Nobody understood why Josh Smith and the Detroit Pistons agreed on a contract in 2013. Seven years later, the question remains unanswered.
An uber-athletic 6’9” forward who could handle the ball, Smith averaged 17.5 points, 8.4 rebounds, 4.2 assists, 1.8 blocks and 1.2 steals per game. The only other players to replicate those numbers in the decade were Kevin Durant and Giannis Antetokounmpo (2x).
The Hawks were talented with quality pieces in Al Horford, Jeff Teague and Kyle Korver. But the departure of All-Star Joe Johnson the previous offseason left an already middling team without a clear direction.
Coupled with a second straight first-round exit, this time to the Indiana Pacers, Smith took it upon himself to pursue greener pastures in the prime of his career — he was 27 — which somehow landed him on the Detroit Pistons on a four-year, $54 million deal.
While Atlanta reached its sixth straight playoff appearance, the summer of 2013 saw Detroit wrap up another underwhelming season, finishing 29-53, good for 11th in the Eastern Conference.
A playoff absence wasn’t anything new to these Pistons, who had firmly moved on from their contender status of the mid-2000s and hadn’t seen the postseason since 2009, a four-year streak that was the franchise’s longest in 30 years.
The problem in their quest back to relevancy stemmed from an inability or unwillingness to completely bottom out. In those four years, Detroit finished no lower than 12th in the standings, decreasing the value of their pick and making it difficult to rebuild through the draft, forcing its energy upon the free-agent market instead.
Constructing a playoff-caliber roster through free agency is a worthy strategy, but what the Pistons were doing around Smith remains a mystery all these years later.
Drafted seventh overall in 2010, Monroe was a traditional low-post presence coming off a productive year of 16.0 points, 9.6 rebounds and 3.5 assists per game. Drummond was limited in his first season after being taken ninth in 2012, but he’d shown the potential that eventually helped him become one of the best rebounders in the game.
Smith had occupied the small forward position for the first three seasons of his career in Atlanta. His plus/minus per 100 possessions was never higher than minus-4.0.
Upon sliding down a position — along with a one-year adjustment period — Smith was able to exploit the slower feet of traditional fours in ways he couldn’t do as a three. In his final five years with the Hawks, his average plus/minus per 100 possessions was a plus-4.0.
A 28.1 percent outside shooter in Atlanta, Smith had taken what was then a career-high 2.6 3-point attempts per game in his final Hawks season, drilling just 30.3 percent of them. 1,163 players have attempted at least 200 3-pointers in a single season since 2009-10. Smith’s 2012-13 campaign ranks 1,134.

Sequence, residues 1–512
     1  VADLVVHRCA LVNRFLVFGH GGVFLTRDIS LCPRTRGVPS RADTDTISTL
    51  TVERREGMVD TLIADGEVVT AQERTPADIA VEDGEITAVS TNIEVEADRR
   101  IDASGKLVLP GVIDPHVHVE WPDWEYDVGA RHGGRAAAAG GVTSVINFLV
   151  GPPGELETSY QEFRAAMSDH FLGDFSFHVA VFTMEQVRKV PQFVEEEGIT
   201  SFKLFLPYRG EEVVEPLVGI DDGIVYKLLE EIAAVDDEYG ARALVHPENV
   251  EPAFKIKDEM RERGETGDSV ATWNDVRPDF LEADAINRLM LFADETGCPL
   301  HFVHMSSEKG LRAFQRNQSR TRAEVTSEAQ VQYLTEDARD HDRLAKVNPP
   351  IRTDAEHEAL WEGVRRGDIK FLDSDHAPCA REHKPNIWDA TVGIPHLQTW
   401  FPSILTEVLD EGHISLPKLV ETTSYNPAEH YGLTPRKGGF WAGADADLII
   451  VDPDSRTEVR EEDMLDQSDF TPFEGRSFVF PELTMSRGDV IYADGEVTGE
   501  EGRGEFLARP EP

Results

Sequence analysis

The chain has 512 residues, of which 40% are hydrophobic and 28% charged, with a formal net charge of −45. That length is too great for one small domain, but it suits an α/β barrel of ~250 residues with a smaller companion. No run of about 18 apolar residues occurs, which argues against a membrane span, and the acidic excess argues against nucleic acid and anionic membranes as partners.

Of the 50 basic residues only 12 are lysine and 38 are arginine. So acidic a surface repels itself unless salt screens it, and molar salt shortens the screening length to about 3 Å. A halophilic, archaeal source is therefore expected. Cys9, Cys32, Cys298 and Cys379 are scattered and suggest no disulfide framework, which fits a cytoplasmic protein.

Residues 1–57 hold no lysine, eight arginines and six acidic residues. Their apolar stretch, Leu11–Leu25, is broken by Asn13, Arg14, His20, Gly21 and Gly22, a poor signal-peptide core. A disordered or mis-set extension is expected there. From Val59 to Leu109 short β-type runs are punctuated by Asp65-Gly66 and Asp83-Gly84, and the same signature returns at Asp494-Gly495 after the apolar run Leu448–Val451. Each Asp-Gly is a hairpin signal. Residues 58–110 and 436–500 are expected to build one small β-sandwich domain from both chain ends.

This is the guy the Detroit Pistons were now positioning to let fly from beyond the arc with little room to operate in the areas he does best.
Teams weren’t as invested in the 3-point shot seven years ago as they are today, but the basic principles and values of the shot had begun to see the light.
The New York Knicks had just set the record for most 3-pointers in a season with 891. The Miami Heat emerged as NBA champions thanks in part to the lineups that stretched defenses with Chris Bosh at the center position.
Detroit could’ve mitigated the potential clunkiness by bringing one of either Monroe or Drummond off the bench. Neither did in the 163 combined games they played nor did Smith in his 76 appearances.
The inaugural run of this experiment went about as well — or poorly — as one could have expected. Smith’s counting numbers hovered around their previous mark, but his efficiency in every area took a hit.
His average field goal distance increased more than one foot and his field goal percentage dipped to a then career-low 41.9 percent.
Smith shot far less in the restricted area, attempting a career-high 3.4 3-pointers per game, converting on just 26.4 percent of them. The minus-1.4 offensive win shares he produced remains the worst mark of his career.
Detroit finished with an identical 29-53 record and the same 11th-place finish yet decided to run back the same awkward trio, albeit with a light attempt to bring Monroe off the bench.
The adjustment didn’t take as the Detroit Pistons seemed to get worse. They’d gone 13-15 through the first 28 games of the previous season. In 2013-14, they were just 5-23 through December 21.
It was at this point where the Pistons decided they’d be better off paying Smith to play anywhere else. They waived and stretched out the remainder of his contract on Dec. 22, a large sum they contributed $5.3 million to this year.
Following the move, Detroit rattled off seven consecutive victories. Despite ultimately finishing the season 12th in the east at 32-20, the Pistons were an even .500 in the remaining 54 games and would end a six-year playoff drought the following season.
Smith would go on to sign with the Houston Rockets less than a week later and prove to be a valuable contributor in their first Western Conference Finals appearance since 1997.
Hindsight opens our eyes to a lot of basketball decisions that, in retrospect, shouldn’t have been made.
The pairing of Smith and the Detroit Pistons, however, needs no revisionist history, not even with the growth of smaller and 3-point heavy lineups. It was a questionable signing then, and the direction both parties went in upon separating is a shining example of a relationship that should’ve never manifested.